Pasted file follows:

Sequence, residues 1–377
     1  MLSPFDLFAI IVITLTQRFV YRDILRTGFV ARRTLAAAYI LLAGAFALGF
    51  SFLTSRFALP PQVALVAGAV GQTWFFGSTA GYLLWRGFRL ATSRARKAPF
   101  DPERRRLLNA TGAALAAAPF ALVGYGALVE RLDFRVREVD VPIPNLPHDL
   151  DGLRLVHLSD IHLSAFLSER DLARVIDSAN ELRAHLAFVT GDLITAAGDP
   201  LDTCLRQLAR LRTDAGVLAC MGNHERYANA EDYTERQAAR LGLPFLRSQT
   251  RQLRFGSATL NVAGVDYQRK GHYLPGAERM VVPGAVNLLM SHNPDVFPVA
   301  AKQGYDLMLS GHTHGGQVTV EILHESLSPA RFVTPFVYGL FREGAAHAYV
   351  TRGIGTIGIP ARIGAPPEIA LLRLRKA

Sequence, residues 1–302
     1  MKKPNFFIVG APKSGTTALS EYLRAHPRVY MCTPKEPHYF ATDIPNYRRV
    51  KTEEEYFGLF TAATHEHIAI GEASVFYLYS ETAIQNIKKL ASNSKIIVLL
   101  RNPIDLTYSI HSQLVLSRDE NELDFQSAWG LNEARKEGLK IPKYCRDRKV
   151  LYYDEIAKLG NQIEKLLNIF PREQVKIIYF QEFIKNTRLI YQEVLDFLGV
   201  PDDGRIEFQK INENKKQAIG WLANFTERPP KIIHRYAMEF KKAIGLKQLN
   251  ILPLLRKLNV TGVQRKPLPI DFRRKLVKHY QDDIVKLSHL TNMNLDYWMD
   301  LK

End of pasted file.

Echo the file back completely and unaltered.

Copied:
Sequence, residues 1–377
     1  MLSPFDLFAI IVITLTQRFV YRDILRTGFV ARRTLAAAYI LLAGAFALGF
    51  SFLTSRFALP PQVALVAGAV GQTWFFGSTA GYLLWRGFRL ATSRARKAPF
   101  DPERRRLLNA TGAALAAAPF ALVGYGALVE RLDFRVREVD VPIPNLPHDL
   151  DGLRLVHLSD IHLSAFLSER DLARVIDSAN ELRAHLAFVT GDLITAAGDP
   201  LDTCLRQLAR LRTDAGVLAC MGNHERYANA EDYTERQAAR LGLPFLRSQT
   251  RQLRFGSATL NVAGVDYQRK GHYLPGAERM VVPGAVNLLM SHNPDVFPVA
   301  AKQGYDLMLS GHTHGGQVTV EILHESLSPA RFVTPFVYGL FREGAAHAYV
   351  TRGIGTIGIP ARIGAPPEIA LLRLRKA

Sequence, residues 1–302
     1  MKKPNFFIVG APKSGTTALS EYLRAHPRVY MCTPKEPHYF ATDIPNYRRV
    51  KTEEEYFGLF TAATHEHIAI GEASVFYLYS ETAIQNIKKL ASNSKIIVLL
   101  RNPIDLTYSI HSQLVLSRDE NELDFQSAWG LNEARKEGLK IPKYCRDRKV
   151  LYYDEIAKLG NQIEKLLNIF PREQVKIIYF QEFIKNTRLI YQEVLDFLGV
   201  PDDGRIEFQK INENKKQAIG WLANFTERPP KIIHRYAMEF KKAIGLKQLN
   251  ILPLLRKLNV TGVQRKPLPI DFRRKLVKHY QDDIVKLSHL TNMNLDYWMD
   301  LK